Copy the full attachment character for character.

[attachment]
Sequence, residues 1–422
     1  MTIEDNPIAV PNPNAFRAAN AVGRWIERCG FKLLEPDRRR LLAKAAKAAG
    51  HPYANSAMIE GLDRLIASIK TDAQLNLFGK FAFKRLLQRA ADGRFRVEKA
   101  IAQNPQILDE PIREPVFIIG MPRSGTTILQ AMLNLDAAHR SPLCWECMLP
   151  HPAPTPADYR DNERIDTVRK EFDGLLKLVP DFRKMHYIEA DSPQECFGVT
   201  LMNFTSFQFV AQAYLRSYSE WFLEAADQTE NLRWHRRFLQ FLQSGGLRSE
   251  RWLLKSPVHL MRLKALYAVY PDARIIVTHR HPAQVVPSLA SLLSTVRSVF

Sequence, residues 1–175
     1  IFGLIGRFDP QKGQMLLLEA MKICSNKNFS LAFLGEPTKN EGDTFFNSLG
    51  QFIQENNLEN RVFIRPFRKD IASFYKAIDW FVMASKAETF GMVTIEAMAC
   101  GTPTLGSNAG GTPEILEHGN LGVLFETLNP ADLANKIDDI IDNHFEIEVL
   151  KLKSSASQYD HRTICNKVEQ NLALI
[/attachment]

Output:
Sequence, residues 1–422
     1  MTIEDNPIAV PNPNAFRAAN AVGRWIERCG FKLLEPDRRR LLAKAAKAAG
    51  HPYANSAMIE GLDRLIASIK TDAQLNLFGK FAFKRLLQRA ADGRFRVEKA
   101  IAQNPQILDE PIREPVFIIG MPRSGTTILQ AMLNLDAAHR SPLCWECMLP
   151  HPAPTPADYR DNERIDTVRK EFDGLLKLVP DFRKMHYIEA DSPQECFGVT
   201  LMNFTSFQFV AQAYLRSYSE WFLEAADQTE NLRWHRRFLQ FLQSGGLRSE
   251  RWLLKSPVHL MRLKALYAVY PDARIIVTHR HPAQVVPSLA SLLSTVRSVF

Sequence, residues 1–175
     1  IFGLIGRFDP QKGQMLLLEA MKICSNKNFS LAFLGEPTKN EGDTFFNSLG
    51  QFIQENNLEN RVFIRPFRKD IASFYKAIDW FVMASKAETF GMVTIEAMAC
   101  GTPTLGSNAG GTPEILEHGN LGVLFETLNP ADLANKIDDI IDNHFEIEVL
   151  KLKSSASQYD HRTICNKVEQ NLALI